" There is some cause of late fallen out of one
that gives reproachful words to my brother, and
therewithal said that it was a strange thing that


such a one as he, whose grandfather was a sieve-
maker, should rule the whole state of England ;
and though the malice of the party was towards
him, yet I must be likewise sensible thereof
myself, both being descended from him ; there-
fore I have thought good to require you forthwith
to take the pains to make search in my study at
Burghley, amongst my boxes, of my evidences,
and I think you will find the very writ itself by
which my grandfather or great-grandfather, or
both, were made sheriffs of Lincolnshire or North-
amptonshire, and likewise a warrant from the
Duke of Suffolk, in King Henry VIII.'s time, to my
grandfather and old Mr. Wingfield, that dead is, for
the certifying touching the fall of woods in Clyff
Park or Rockingham Forest, by the name of
David Cecyle Esquire ; which title at those days
was not used but to such that were gentlemen
of note, where commonly they were entitled but
by the name of gentlemen. If you have any
record of your own to show the descent of my
great-grandfather, I pray you send a note there-
of likewise. My lord, my father's altering the
writing of his name maketh many that are not
very well affected to our house to doubt whether
we be rightly descended from the house of Wales,
because they write their names ' Sitsilt,' and our
name is written ' Cecyle ;' my grandfather wrote


it * Syssell ;' and so in orthography all these
names differ, whereof I marvel what moved my
lord my father to alter it. I have my lord's
pedigree very well set out, which he left unto
me. I pray you let this be secret unto yourself,
which my brother of Salisbury desired me so to
give in charge unto you ; and so I commend you
very kindly unto yourself and my good aunt,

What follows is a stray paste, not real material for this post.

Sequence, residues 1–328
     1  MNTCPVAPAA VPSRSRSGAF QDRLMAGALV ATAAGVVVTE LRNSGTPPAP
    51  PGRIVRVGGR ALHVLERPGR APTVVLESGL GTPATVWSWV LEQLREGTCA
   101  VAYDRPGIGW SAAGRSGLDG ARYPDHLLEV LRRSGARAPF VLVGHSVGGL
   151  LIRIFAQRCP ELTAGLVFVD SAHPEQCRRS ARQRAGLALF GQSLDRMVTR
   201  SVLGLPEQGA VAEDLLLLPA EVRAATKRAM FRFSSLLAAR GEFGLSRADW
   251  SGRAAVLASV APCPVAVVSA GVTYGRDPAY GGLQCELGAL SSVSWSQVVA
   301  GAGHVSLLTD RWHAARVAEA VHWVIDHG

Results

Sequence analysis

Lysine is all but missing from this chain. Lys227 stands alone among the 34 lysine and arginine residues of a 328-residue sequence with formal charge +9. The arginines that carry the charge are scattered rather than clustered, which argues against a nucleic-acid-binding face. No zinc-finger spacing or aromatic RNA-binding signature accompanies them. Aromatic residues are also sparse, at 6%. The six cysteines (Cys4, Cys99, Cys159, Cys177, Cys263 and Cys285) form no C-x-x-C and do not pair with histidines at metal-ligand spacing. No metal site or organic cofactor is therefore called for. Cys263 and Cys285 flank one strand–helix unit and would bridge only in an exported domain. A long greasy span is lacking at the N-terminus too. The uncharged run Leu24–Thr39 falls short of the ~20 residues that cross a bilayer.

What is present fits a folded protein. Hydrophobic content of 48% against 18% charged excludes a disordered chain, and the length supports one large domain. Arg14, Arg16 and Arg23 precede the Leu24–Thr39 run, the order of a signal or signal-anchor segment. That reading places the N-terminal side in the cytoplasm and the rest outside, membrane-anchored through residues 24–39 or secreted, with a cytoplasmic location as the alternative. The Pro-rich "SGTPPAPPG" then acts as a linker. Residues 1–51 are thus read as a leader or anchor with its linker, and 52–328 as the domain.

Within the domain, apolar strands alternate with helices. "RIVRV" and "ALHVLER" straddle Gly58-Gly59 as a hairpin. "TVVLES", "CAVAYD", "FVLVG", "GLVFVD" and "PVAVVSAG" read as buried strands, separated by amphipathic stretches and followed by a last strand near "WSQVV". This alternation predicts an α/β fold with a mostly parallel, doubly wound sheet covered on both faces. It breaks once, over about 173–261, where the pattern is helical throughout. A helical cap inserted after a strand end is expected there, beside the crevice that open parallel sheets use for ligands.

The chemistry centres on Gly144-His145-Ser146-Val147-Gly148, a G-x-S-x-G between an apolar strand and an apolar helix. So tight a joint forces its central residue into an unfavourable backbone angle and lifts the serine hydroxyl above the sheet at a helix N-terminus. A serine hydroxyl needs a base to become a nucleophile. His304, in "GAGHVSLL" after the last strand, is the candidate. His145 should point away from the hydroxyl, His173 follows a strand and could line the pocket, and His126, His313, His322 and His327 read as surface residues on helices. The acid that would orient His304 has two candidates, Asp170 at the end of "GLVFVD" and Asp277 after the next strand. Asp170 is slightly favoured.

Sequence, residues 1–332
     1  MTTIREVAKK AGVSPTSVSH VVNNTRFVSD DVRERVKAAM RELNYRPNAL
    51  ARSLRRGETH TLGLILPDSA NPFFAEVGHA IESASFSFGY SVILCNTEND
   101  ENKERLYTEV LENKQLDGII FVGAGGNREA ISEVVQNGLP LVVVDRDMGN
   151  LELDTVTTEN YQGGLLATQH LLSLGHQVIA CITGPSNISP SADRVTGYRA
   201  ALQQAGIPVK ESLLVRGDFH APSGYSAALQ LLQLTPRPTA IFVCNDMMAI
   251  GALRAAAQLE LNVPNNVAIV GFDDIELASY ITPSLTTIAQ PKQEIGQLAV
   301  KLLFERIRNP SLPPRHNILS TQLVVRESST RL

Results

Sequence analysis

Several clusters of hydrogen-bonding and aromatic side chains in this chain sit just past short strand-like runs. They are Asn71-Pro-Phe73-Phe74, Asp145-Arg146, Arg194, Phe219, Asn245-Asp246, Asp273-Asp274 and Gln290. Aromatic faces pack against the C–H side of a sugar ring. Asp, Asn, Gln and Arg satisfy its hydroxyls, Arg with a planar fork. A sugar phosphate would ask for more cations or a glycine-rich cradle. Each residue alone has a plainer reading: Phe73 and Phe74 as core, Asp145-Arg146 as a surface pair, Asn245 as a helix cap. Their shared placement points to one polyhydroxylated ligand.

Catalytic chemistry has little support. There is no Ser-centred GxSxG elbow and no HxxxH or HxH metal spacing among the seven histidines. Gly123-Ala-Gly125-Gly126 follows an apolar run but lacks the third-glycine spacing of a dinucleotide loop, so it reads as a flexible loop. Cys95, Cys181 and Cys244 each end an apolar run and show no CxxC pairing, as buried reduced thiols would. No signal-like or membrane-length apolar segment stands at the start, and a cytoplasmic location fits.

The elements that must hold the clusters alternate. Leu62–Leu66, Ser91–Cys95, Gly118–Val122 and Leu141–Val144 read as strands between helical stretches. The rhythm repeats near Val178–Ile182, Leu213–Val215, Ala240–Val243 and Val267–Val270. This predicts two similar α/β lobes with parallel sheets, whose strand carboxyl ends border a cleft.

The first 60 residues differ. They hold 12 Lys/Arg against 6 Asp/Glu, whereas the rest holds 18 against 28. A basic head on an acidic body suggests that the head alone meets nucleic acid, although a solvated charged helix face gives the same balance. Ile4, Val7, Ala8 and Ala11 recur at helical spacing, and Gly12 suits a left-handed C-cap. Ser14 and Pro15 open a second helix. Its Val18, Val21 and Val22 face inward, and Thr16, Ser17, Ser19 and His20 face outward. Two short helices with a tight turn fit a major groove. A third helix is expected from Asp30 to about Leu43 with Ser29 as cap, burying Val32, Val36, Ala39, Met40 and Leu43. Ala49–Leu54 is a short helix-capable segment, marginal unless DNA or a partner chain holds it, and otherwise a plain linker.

your wife ; from London, this 13th of November,

" Your very loving cousin and friend,

" To Hugh Allington, Esquire."

Lord Exeter, who always maintained an un-
blemished character among statesmen who were
not all free from blemish, was certainly a man
of high talents and good sense ; and he did well
in contenting himself with the reflected dignity
of his father's splendid name, and in leaving
it to his brother to emulate it in the exercise of
the higher offices of statecraft.

Robert, the younger brother, the Earl of Salis-
bury, though successively Secretary of State and
Lord High Treasurer as his father had been
before him married a sister of the unhappy
Henry Brooke, Lord Cobham, and died, worn out
with the cares of public office and political life,


within six years after gaining his coronet. In
his last illness he was heard to say to Sir Walter
Cope, " Ease and pleasure quake to hear of death ;
but my life, full of cares and miseries, desireth to
be dissolved." He had some years previously ad-
dressed a letter to Sir James Harrington, the
poet, in pretty much the same tone. "Good
knight," saith the minister, " rest content, and
give heed to one that hath sorrowed in the bright
lustre of a court, and gone heavily on even the
best-seeming fair ground. 'Tis a great task to
prove one's honesty and yet not mar one's fortune.
You have tasted a little thereof in our good
queen's time, who was more than a man, and, in
truth, sometimes less than a woman. I wish I
waited now in your presence-chamber, with ease
at my food and rest in my bed. I am pushed
from the shore of comfort, and know not where
the winds and waves of a court will bear me. I
know it bringing little comfort on earth ; and he
is, I reckon, no wise man that looketh this way to

His son and successor continued the younger
line of the Cecils as Earls of Salisbury through
six generations, when James, the seventh earl, was
raised in 1789 to the Marquisate by George III.,
on the recommendation of Mr. Pitt. The grand-
son of this nobleman (I may remark by way of


parenthesis) is the present Marquis of Salisbury,
who held high office under the Conservative
administration of Lord Derby, and is now
Chancellor of the University of Oxford. But to
return. Twelve years more were destined to
elapse before the like honour of a marquis's
coronet was extended to the elder branch of the
Cecils, of Burleigh, and of Exeter. Around this
elder house, however, there is a great halo of

I have already acquainted my readers that the
two sons of the great Lord Burleigh were raised in
one day by James I., to the earldoms of Salisbury
and Exeter, and that in 1789 the younger line,
that of Salisbury, exchanged an earl's coronet
for that of a marquis. The same good fortune
befell the head of the elder house in 1801, when
Henry, tenth Earl of Exeter and eleventh Lord
Burleigh, was advanced one step in the peerage
of the United Kingdom, by the favour of George